Hemisphere:  Northern  ·  Constellation: Cygnus (Cyg)  ·  Contains:  NGC 6946

Image of the day 08/07/2014

Getting plate-solving status, please wait...
    Fireworks Galaxy, 



    
        

            Samuel
    Fireworks Galaxy
    Powered byPixInsight

    Fireworks Galaxy

    Image of the day 08/07/2014

    Getting plate-solving status, please wait...
      Fireworks Galaxy, 



    
        

            Samuel
      Fireworks Galaxy
      Powered byPixInsight

      Fireworks Galaxy

      Technical card

      Imaging telescopes or lenses: GSO RC12

      Imaging cameras: Atik 4000

      Guiding cameras: Lodestar

      Focal reducers: AP CCDT67

      Software: PixInsight

      Filters: Baader Planetarium B 36mm  ·  Baader Planetarium G 36mm  ·  Baader Planetarium R 36mm  ·  Baader Planetarium H-Alpha 7nm  ·  Baader Planetarium L 36mm


      Dates:July 24, 2014July 26, 2014July 27, 2014July 28, 2014July 29, 2014

      Frames:
      Baader Planetarium B 36mm: 22x450" (2h 45') bin 2x2
      Baader Planetarium G 36mm: 22x450" (2h 45') bin 2x2
      Baader Planetarium H-Alpha 7nm: 17x1800" (8h 30') bin 1x1
      Baader Planetarium L 36mm: 47x900" (11h 45') bin 1x1
      Baader Planetarium R 36mm: 22x450" (2h 45') bin 2x2

      Integration: 28h 30'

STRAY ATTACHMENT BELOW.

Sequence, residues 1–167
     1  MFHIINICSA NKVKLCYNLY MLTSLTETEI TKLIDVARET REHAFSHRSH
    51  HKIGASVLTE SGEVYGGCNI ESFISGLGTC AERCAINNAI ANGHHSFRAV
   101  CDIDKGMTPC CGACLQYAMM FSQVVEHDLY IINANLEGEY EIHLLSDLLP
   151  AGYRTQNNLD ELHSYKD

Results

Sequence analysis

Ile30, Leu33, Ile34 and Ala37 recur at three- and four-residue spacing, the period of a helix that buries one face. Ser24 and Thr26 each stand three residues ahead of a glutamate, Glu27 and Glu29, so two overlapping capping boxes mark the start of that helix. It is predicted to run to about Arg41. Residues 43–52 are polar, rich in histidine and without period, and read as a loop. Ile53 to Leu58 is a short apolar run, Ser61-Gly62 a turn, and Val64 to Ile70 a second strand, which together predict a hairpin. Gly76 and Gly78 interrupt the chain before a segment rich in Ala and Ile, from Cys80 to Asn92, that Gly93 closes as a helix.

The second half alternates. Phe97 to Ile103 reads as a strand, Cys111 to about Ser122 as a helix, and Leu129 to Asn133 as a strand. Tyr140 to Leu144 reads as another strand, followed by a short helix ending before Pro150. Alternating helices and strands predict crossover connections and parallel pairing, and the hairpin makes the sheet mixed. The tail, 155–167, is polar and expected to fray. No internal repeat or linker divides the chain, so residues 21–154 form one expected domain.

Avg. Moon age: 12.12 days

      Avg. Moon phase: 2.77%


      Basic astrometry details

      Astrometry.net job: 331138

      RA center: 20h 34' 52"

      DEC center: +60° 9' 7"

      Pixel scale: 0.956 arcsec/pixel

      Orientation: -3.176 degrees

      Field radius: 0.338 degrees


      Resolution: 1800x1800

      Locations: Observatorio remoto Tomas Lopez en AstroCamp, Nerpio, Albacete, Spain

      Data source: Own remote observatory

      Remote source: AstroCamp

      Description

      NGC 6946, (also known as the Fireworks Galaxy, Arp 29, and Caldwell 12), is an intermediate spiral galaxy about 22.5 million light-years away,[2] in the constellations Cepheus and Cygnus. It was discovered by William Herschel on September 9, 1798. NGC 6946 is highly obscured by interstellar matter of the Milky Way galaxy, as it is quite close to the galactic plane.

      Collaboration between me, Salvatore Iovene and Jaime Alemany.

      Comments

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      Fireworks Galaxy, 



    
        

            Samuel